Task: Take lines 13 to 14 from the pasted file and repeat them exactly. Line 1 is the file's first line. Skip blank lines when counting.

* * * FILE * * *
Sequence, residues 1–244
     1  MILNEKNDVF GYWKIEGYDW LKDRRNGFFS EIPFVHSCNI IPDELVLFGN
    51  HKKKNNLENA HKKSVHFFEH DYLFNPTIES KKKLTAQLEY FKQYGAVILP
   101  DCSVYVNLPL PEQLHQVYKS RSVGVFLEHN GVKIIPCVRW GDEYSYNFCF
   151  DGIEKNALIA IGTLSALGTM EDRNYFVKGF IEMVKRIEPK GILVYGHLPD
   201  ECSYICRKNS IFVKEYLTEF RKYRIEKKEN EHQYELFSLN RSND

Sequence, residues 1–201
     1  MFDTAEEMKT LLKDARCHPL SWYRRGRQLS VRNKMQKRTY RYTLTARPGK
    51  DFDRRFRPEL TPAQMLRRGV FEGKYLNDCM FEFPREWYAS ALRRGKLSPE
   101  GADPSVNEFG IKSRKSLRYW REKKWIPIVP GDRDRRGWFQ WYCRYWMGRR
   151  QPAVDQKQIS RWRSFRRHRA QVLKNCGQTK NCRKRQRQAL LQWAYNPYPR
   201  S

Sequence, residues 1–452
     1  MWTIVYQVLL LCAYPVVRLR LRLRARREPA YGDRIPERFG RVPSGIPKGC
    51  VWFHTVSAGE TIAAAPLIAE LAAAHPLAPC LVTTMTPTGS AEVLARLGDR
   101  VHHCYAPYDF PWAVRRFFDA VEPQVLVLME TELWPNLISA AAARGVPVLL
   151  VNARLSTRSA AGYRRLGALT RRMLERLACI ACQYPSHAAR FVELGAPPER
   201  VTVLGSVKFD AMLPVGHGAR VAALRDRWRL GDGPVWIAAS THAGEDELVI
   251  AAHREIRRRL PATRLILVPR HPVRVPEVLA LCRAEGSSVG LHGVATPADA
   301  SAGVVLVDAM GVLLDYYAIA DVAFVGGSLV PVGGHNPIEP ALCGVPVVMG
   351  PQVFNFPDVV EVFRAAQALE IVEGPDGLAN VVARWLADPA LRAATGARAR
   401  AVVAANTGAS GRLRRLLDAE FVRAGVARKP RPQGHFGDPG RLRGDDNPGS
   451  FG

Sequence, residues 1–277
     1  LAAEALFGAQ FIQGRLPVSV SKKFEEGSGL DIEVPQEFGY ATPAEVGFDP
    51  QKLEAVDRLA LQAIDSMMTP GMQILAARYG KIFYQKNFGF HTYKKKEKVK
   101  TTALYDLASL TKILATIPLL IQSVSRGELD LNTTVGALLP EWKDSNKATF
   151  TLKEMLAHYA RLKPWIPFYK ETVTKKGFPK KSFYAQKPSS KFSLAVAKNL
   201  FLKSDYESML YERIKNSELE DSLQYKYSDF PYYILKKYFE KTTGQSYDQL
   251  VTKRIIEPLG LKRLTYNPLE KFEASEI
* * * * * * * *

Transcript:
Sequence, residues 1–452
     1  MWTIVYQVLL LCAYPVVRLR LRLRARREPA YGDRIPERFG RVPSGIPKGC